No Big Bang? Quantum Equation Predicts Universe Has No Beginning

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The cosmos may have existed always with no beginning, according to a new quantum model that relates quantum correction terms to match Einstein’s theory of general relativity. This theory may also cover for dark matter and dark energy, solving numerous problems at once.

The generally acknowledged age of the cosmos, as projected by general relativity, is almost 13.8 billion years. In the start, everything in existence is considered to have occupied a single infinitely dense point, or known as singularity.


Only after this phase it started to inflate in a “Big Bang”, which is considered as official beginning of the universe. Even though the Big Bang singularity ascends directly and inevitably from the mathematics of general relativity, some researchers see it as problematical since the math can describe only what occurred directly after—not at or before—the singularity.

“The Big Bang singularity is one of the biggest problem of general relativity as the laws of physics seem to break down there,” Ahmed Farag Ali at Benha University and the Zewail City of Science and Technology, told Phys.org.

Ali and coauthor Saurya Das at the University of Lethbridge in Alberta, Canada, have presented in a research paper published in Physics Letters B that the Big Bang singularity can be solved by their unique model in which the cosmos has no beginning and no end.

According to Ali and Das, their research is based on theories presented by theoretical physicist David Bohm. David Bohm introduced quantum trajectories replacing classical geodesics (the shortest path between two points on a curved surface).

In their research paper, Ali and Das used these Bohmian trajectories to an equation put forward in the 1950s by physicist Amal Kumar Raychaudhuri at Presidency University in Kolkata, India.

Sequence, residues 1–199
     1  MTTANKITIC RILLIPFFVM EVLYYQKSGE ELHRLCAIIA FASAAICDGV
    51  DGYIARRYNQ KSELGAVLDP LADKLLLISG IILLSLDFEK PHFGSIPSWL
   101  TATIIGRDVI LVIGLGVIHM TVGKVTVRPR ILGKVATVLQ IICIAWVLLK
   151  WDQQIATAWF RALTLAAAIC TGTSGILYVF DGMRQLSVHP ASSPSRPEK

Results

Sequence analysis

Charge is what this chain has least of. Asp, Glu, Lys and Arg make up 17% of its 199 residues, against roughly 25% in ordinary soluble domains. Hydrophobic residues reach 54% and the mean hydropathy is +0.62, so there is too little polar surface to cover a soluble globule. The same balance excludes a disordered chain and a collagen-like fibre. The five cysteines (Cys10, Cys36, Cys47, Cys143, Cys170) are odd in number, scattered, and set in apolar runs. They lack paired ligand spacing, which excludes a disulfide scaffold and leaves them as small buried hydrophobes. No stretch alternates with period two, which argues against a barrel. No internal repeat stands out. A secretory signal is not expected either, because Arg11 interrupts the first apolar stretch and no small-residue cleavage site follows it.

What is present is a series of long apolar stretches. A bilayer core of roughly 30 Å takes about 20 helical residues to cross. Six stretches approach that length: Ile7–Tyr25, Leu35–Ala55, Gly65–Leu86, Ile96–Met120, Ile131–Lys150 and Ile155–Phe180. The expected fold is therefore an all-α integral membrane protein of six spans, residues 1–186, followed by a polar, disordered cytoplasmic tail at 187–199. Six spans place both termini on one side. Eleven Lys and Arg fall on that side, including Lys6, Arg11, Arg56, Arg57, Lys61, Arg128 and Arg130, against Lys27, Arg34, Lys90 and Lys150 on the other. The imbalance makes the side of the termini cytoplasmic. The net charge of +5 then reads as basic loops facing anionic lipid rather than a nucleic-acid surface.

With the help of the quantum-corrected Raychaudhuri equation, Ali and Das concluded quantum-corrected Friedmann equations, which define the expansion and development of universe (including the Big Bang) agreeing with general relativity. As general relativity doesn’t get along with quantum gravity. Ali and Das also believe their results to hold even if and when a full theory of quantum gravity is articulated.

Their research also make dark matter and dark energy unnecessary. The concept Dark Matter and Dark Energy was introduced to account for unexplainable matter and energy.

In physical terms, their research defines the cosmos as being filled with a quantum fluid. The researchers suggest that this fluid might be made of gravitons—hypothetical massless particles that mediate the force of gravity. If they exist, gravitons are believed to play a crucial role in a theory of quantum gravity.


“It is satisfying to note that such straightforward corrections can potentially resolve so many issues at once,” Das said.

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